Australia & Asia from Sydney – Royal Princess – 2 April 2024
Australia is regularly voted one of the world’s top cruise destinations. Why? Some say it’s the endless summer weather or the oversupply of beaches. Others suggest it could be Sydney’s scenic, natural Harbor and iconic landmarks, including the opera house and Harbour Bridge.
Australia is also much more than just Sydney. Coastal cruises visit the other major port cities and open opportunities to venture inland to wineries, national parks, tourist attractions and shopping precincts. Beyond the urban sprawl, there are vast mountain ranges, UNESCO World Heritage natural and historic sites, cultural and Indigenous attractions, and a world of fun for both adrenaline seekers and those who prefer a more relaxed or cultural experience
Best Time to Go
Australia is a year-round cruise destination, although the so-called “Wave Season” (October to April) is when Aussies go particularly cruise-crazy, and you’ll find the greatest choice of departures, vessels, and itineraries. While winters (June to August) in the southern states can be chilly, you won’t need snowshoes or thermal undies. Summers (December through February) can be hot — darned hot — so if you’re visiting over the Christmas period, be prepared with wide-brimmed hats, sunscreen, and water bottles for those days when temperatures get into the 30s Celsius (high 80s and 90s Fahrenheit).
Sydney offers most of the departures, but Melbourne, Brisbane, Adelaide, and increasingly Fremantle (Perth) also feature local stalwart P&O, its ships venturing down to Tasmania and across to South Australia. For locals, the choice of both vessel and destination is expanding rapidly. For visitors, cruising in Australia presents three basic options: to, from, and within.
Circumnavigation of Australia. In recent years, Princess, Holland America, and Cunard have offered complete circumnavigations. These sell out well in advance, however, as they present a superb opportunity to see every port in the country, and they’re popular with local cruisers.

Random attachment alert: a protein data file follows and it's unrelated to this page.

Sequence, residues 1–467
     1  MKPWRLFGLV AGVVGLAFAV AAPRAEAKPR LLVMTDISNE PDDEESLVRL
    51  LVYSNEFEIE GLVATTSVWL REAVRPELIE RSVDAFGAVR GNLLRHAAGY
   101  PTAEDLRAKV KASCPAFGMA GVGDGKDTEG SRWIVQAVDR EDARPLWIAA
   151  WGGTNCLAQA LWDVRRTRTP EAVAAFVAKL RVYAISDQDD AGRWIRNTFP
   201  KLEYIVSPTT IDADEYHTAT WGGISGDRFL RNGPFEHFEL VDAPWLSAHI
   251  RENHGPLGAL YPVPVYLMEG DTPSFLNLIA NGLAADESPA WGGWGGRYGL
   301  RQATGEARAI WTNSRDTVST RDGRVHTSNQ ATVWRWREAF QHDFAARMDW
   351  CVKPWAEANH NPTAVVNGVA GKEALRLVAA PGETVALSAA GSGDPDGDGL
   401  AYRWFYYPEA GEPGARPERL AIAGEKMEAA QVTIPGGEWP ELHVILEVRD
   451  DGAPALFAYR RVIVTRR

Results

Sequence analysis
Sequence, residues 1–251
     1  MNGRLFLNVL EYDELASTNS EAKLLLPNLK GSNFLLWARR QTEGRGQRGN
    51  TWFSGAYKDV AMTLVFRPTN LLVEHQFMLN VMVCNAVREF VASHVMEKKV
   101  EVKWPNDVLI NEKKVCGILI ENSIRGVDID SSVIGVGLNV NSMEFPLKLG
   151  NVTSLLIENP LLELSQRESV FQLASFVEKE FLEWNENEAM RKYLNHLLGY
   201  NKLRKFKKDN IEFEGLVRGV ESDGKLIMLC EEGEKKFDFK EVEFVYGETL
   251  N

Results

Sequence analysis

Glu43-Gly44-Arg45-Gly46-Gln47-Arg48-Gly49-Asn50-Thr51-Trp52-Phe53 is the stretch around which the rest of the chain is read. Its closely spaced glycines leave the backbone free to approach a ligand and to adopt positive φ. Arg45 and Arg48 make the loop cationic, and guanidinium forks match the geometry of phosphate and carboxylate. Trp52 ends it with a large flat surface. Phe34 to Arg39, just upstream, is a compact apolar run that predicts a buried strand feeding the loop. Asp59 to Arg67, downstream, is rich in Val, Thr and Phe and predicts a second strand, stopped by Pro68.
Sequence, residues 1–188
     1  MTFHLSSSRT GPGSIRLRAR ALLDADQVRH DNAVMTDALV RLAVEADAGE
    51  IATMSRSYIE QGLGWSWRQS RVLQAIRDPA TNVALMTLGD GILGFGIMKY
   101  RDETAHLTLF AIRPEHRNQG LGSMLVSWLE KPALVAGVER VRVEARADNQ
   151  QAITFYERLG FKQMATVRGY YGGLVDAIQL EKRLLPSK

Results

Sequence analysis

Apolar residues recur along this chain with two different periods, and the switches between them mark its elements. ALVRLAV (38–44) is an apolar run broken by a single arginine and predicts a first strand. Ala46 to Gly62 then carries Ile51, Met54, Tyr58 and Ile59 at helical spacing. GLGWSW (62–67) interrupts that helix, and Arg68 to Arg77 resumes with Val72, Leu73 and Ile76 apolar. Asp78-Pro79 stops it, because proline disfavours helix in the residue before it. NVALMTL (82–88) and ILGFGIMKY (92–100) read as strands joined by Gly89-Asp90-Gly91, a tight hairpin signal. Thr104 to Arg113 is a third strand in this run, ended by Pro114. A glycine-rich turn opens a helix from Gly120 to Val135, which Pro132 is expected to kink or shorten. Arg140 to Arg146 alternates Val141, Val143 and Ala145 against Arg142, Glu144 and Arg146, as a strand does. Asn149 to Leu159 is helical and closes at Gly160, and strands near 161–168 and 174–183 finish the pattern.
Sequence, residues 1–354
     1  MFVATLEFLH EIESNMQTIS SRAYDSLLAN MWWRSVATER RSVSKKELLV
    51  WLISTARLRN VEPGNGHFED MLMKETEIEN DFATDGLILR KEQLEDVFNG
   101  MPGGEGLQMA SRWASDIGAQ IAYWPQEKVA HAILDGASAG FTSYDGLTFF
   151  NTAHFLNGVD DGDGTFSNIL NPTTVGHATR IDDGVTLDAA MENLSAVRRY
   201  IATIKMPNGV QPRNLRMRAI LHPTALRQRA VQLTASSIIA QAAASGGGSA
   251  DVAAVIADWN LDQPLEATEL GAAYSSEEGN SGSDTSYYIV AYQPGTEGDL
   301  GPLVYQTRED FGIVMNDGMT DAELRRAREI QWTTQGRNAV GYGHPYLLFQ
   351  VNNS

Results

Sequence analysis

Great Barrier Reef. Cruises through the world-famous coral reef are popular, but if you want a true “Finding Nemo” experience, you’ll need to spend a bit more time ashore at ports like Townsville or Cairns. Big-ship cruises along the Queensland coast will offer day trip opportunities for reef-snorkeling and diving, but small-ship operator Coral Princess offers the most immersive overnight experience.
Kimberley and Australia’s Northwest. Itineraries have been developed to incorporate a growing number of ports of call in Tasmania, Victoria, and South Australia seasonally. Popular destinations include Burnie, Hobart, Port Arthur, Melbourne, the Mornington Peninsula, Portland, Adelaide, Kangaroo Island, and Port Lincoln. South of Sydney, near the border with Victoria, Eden is also a new port of call that appears occasionally on itineraries, while in Western Australia, itineraries from Fremantle (Perth) venture south to scenic Margaret River or Esperance, or north to Geraldton, Exmouth, and tropical Broome.
The South Pacific. One of the most popular local choices is a cruise to or from an Australian homeport to the islands of the South Pacific. Departures are mostly from Sydney but also increasingly from Brisbane and Melbourne. Traditionally, the well-worn route pioneered by P&O across the Tasman to the South Pacific included Fiji, Noumea, Auckland, and Port Vila, but it has been expanded to include all New Zealand, more of Vanuatu and New Caledonia, and some of Samoa and Tonga, with occasional forays as far as French Polynesia and Hawaii.
New Zealand. Most local cruise lines cross the Tasman to New Zealand each summer, including P&O, Holland America, Cunard, Celebrity, and Princess. Itinerary options include shorter one-way trips from Sydney or Melbourne to Auckland, or the reverse, or longer roundtrip cruises that also take in the spectacular Fiordland on the South Island.